It took a split second for Joel Ward to become a playoff hero to Washington Capitals fans.
By the time the Capitals were done celebrating Ward’s overtime goal that knocked the Boston Bruins out of the playoffs; Ward was the center of a different emotion online.
Immediately following the goal Ward, who is a black Canadian player, was the target of irate fans using racial epithets and slurs on Twitter.
No matter how much you believe in free speech, I hope most of you will agree that these posts are disgusting and reflect poorly on the authors. After the flood on Twitter, Capitals Owner Ted Leonsis offered his take on his blog:
What these people have said and done is unforgivable. I hope they are now publicly identified and pay a huge price for their beliefs. There should be zero tolerance for this kind of hate mongering. Their messages should now stay glued into the algorithms to place a forever warning and a mark upon these people and their actions. They shouldn’t be able to escape their keystrokes.
While Leonsis’ opinion may sound extreme, it is not too far from what is possible, given the data that is shared on social networks. I am sure that the majority of the folks who Tweeted out this vitriol thought they were being snarky or funny to their friends did not realize the reach of what they Tweeted. In reality their Tweets have went well beyond that network.
This is 2012 and the whole naivety around social networks needs to go away and these rants only further showcase how society in general is clueless as to the reach of what is said online. There is a clear line as to decency and what is acceptable out in public – where users of social networks not only reflect themselves, but also their employers.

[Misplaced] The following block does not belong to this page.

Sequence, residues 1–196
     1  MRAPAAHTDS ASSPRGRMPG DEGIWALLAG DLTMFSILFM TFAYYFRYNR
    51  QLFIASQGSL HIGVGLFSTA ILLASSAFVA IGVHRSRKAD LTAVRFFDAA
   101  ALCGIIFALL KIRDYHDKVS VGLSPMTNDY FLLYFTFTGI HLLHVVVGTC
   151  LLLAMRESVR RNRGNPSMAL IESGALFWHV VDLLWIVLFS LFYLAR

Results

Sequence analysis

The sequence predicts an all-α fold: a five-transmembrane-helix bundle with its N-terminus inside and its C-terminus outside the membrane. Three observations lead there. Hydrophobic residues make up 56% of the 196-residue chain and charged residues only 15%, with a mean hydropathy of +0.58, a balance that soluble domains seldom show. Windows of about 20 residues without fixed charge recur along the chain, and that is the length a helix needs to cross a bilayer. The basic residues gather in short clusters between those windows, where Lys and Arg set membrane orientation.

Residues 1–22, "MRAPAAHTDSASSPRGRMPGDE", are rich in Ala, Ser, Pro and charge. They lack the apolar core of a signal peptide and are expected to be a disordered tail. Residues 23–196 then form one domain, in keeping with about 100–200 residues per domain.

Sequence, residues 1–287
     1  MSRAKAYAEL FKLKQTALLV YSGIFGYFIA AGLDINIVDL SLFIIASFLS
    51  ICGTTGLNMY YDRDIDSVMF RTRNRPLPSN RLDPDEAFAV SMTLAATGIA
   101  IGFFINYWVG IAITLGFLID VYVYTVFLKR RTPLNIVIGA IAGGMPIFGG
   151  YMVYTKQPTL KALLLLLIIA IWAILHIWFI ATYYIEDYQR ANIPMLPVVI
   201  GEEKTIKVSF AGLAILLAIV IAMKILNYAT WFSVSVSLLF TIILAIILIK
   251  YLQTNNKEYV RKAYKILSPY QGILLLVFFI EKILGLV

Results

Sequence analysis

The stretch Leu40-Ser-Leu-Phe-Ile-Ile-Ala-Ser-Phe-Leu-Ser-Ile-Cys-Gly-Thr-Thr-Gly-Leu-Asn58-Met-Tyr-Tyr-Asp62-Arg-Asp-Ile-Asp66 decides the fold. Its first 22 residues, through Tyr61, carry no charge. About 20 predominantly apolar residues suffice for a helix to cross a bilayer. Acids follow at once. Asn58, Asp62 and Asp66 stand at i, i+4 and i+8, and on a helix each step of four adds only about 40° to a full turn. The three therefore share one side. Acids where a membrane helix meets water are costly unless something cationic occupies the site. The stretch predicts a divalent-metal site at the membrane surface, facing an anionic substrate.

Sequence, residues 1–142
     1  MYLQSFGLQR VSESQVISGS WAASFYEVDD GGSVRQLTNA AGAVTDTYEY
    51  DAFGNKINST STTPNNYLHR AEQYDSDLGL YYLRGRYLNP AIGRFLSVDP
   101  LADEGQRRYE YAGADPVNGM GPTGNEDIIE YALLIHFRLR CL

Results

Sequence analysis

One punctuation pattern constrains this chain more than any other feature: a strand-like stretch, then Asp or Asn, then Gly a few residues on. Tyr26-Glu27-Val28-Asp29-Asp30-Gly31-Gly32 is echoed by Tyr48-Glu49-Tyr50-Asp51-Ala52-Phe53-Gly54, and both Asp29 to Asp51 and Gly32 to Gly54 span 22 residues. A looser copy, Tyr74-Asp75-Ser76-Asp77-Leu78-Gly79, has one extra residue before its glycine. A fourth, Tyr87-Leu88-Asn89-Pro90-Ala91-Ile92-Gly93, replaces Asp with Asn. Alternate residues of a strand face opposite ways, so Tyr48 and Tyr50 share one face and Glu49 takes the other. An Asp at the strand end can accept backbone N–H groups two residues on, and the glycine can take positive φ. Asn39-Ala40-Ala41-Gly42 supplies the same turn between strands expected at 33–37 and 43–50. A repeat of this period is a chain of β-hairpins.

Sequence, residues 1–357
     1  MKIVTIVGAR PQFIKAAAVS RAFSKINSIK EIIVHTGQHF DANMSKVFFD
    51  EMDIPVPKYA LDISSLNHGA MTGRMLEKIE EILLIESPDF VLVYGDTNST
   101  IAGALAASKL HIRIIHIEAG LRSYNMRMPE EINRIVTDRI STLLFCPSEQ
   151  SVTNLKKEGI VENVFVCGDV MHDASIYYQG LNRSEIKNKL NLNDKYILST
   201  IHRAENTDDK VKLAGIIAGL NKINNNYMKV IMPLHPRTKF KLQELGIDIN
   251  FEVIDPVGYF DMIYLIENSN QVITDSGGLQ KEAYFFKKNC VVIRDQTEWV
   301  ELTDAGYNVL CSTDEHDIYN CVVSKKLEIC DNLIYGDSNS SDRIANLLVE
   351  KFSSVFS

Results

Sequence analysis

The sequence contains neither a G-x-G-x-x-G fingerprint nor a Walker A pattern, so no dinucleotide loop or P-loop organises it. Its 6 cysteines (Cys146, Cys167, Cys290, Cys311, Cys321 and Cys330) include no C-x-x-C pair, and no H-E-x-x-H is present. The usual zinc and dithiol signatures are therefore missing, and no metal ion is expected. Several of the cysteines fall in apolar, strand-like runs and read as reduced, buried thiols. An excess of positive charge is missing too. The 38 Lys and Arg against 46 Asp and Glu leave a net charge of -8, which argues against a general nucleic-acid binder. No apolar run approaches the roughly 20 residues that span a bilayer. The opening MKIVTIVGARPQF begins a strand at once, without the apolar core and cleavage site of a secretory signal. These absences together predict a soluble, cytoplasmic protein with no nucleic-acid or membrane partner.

With all the ugliness aside, I do think that this incident offers some real teaching and learning experiences for everyone who congregates on a social network at any given moment.
Education is key – Before sharing something on Facebook, Twitter, Instagram, Path or a blog, take a step back and think about how that can be seen by others. This also includes looking at the individual network privacy settings and how your content can be used. And don’t forget that whatever you post can be forwarded, reposted, copied, etc by those in your network regardless of your privacy settings.
Online = Offline – Do you ever think about hitting send on a Tweet or status update? Chances are that more times than not you don’t. It is easy to voice your opinion because a social network is all about you and how you interact with friends. What many people do not realize is that employers are looking at these updates and can, at times, deny or terminate employment because of what was posted. Many of the folks who tweeted out these posts might be marked as Leonsis suggested and denied employment due to the beliefs that they made public.
Words can hurt you – The old adage of sticks and stones breaking bones and words never hurting you rings false when it comes to social media. There have been a number of people fired for their Tweets and one of the Tweeters in the Joel Ward incident is currently facing punishment from his school in Massachusetts. At the end of the day, we may all be entitled to our opinions, but employers and schools reserve the right to punish those who use a public platform to voice outlandish thoughts and hate speech.
While I know that these three points might seem basic, it appears that they still need to be said because so many people just don’t get it.
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